This book collects the first section of Gifford Lectures delivered by the distinguished neuroscientist, Sir John C. Eccles, at the University of Edinburgh 1977–78. This opening series was later followed by a collection entitled The Human Psyche, which builds upon the final three lectures given here. Beginning with a reference to Sherrington’s noted lectures given forty years earlier, Eccles argues that, given the advances made in terms of knowledge, problems have to be revisited. One of the key issues Eccles aims to consider more starkly is the mind-body, as well as the wider question of the place of humanity in light of new knowledge around cosmology. In terms of structure, Eccles begins at the grandest scale before moving inward. Thus, the first lectures move from the idea of the universe, its formation and future collapse, the condition and nature of the solar system and the fossil record of Earth. From there, the lectures move on to consider evolution, and human cerebral evolution more specifically. After examining the development of the brain, Eccles gives a historical overview of the development of human language, culture and values, moving fluently from Neolithic stone artefacts and early Sumerian literature to discussing how culture has evolved through time. The next lectures become more specific still, tracing the lines of contingency down from the scale of a galaxy to the creation of a sense of self.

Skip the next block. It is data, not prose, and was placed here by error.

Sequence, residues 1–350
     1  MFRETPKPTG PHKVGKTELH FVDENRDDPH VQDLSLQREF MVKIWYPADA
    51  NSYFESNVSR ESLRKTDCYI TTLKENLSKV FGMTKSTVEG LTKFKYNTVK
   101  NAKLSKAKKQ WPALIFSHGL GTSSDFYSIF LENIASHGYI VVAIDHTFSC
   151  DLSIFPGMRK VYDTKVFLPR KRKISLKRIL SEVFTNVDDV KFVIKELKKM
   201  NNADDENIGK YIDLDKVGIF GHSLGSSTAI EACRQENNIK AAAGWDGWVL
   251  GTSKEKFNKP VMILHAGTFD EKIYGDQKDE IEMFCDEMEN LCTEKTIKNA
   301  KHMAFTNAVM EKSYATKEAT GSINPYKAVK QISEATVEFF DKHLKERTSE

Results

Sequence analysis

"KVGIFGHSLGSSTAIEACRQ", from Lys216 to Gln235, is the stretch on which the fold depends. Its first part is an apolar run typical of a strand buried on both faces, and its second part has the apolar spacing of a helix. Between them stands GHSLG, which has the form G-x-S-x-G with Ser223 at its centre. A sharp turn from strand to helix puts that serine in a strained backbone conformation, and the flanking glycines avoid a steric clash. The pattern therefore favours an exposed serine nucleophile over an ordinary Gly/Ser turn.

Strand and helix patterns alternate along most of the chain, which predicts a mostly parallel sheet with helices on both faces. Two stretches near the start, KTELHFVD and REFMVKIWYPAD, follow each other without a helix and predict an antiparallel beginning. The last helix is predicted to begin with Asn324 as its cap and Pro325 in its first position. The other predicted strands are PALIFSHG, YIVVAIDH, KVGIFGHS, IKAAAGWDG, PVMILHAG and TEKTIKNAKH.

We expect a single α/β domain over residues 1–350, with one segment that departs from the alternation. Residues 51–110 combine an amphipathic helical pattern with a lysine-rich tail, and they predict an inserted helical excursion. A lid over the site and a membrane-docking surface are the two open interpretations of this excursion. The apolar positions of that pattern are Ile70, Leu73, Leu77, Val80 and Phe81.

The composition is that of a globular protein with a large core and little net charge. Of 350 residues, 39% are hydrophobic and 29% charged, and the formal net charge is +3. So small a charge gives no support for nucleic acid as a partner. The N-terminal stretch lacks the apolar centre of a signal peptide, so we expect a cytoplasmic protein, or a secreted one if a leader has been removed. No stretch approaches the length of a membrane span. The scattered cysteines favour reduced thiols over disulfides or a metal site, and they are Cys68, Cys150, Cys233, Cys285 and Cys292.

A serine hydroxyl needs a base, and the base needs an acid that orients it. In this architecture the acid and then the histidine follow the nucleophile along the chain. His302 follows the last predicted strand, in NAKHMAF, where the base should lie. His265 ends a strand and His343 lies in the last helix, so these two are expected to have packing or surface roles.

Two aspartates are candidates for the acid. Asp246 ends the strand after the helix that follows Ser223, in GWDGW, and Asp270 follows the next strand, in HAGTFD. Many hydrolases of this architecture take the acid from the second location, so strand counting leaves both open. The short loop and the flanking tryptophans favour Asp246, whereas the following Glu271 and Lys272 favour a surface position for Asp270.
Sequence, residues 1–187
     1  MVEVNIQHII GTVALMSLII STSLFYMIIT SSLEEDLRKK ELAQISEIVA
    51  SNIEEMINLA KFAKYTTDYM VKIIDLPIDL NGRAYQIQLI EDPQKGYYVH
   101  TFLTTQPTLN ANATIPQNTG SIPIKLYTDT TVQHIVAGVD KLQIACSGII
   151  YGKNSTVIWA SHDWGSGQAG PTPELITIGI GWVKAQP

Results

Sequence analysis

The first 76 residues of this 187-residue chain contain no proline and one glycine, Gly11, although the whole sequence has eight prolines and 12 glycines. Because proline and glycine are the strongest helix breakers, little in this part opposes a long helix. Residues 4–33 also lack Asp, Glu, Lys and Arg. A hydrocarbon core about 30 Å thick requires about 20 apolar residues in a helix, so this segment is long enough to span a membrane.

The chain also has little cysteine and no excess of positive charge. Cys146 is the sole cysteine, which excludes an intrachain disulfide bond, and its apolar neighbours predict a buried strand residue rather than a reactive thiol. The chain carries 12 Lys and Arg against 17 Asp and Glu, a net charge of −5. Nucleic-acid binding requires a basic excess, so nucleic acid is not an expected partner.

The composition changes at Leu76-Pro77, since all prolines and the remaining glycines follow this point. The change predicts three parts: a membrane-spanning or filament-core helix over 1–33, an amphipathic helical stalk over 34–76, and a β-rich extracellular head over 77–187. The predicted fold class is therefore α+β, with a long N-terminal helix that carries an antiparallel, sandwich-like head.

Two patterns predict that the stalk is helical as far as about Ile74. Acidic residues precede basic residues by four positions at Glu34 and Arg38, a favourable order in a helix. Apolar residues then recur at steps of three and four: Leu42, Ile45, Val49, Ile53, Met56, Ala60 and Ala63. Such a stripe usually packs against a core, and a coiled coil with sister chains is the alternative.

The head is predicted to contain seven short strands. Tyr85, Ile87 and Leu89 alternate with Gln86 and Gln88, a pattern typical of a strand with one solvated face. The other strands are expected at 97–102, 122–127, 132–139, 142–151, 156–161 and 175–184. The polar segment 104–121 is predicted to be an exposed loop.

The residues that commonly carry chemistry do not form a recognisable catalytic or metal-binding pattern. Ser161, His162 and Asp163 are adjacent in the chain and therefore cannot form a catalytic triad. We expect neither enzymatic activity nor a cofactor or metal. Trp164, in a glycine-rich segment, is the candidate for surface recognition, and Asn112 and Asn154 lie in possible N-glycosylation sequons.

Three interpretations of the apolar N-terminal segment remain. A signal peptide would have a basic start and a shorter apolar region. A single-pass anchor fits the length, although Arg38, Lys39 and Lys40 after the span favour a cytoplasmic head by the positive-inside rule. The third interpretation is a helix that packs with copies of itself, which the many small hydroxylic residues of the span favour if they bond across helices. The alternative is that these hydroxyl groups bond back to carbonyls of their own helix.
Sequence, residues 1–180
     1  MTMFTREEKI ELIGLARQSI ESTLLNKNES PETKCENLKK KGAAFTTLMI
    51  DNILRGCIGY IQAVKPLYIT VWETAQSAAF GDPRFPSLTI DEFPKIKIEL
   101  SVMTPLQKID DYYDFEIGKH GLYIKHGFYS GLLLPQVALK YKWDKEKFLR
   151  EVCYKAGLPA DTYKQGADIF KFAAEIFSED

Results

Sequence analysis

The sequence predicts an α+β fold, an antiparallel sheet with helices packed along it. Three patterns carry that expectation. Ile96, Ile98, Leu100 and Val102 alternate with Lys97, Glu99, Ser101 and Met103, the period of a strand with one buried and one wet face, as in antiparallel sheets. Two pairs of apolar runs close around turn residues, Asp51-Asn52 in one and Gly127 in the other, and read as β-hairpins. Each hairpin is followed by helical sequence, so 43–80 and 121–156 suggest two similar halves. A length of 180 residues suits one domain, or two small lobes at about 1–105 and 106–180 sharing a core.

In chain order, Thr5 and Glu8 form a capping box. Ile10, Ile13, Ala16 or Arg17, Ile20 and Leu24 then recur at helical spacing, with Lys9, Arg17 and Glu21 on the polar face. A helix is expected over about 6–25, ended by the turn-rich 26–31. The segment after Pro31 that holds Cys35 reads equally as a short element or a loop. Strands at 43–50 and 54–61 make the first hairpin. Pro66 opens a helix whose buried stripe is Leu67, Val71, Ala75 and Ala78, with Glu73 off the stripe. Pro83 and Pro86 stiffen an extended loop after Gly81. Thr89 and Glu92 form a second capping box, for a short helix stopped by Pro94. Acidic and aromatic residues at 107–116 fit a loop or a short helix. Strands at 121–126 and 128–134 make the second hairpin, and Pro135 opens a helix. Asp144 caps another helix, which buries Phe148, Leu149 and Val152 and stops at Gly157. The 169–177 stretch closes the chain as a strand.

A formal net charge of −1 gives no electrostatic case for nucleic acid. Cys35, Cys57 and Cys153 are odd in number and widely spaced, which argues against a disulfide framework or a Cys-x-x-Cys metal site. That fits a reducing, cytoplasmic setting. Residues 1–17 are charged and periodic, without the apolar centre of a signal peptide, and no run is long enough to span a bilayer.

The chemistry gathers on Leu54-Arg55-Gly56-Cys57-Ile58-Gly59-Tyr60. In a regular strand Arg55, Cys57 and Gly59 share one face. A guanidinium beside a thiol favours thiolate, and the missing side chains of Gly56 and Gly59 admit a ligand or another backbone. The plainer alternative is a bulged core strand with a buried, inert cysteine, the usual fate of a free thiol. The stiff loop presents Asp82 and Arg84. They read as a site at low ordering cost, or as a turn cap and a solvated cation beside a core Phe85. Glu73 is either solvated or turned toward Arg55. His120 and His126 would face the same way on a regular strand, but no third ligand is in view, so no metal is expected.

The final lectures return to neuroscience, as Eccles explores the ways in which the neocortex develops, the role of conscious perception and memory, before closing with a re-examination of the mond-body problem wherein Eccles advances a strong dualist interactionist theory. Despite the outline of scientific explanation, Eccles reiterates a commitment to the idea of Divine Providence, arguing that even the most sophisticated scientific theories provide ample evidence for the idea that the universe is made as the home of humanity. With this in mind, the second series of lectures seeks a means of responding to this, and bringing together theology, science and philosophy in fruitful dialogue.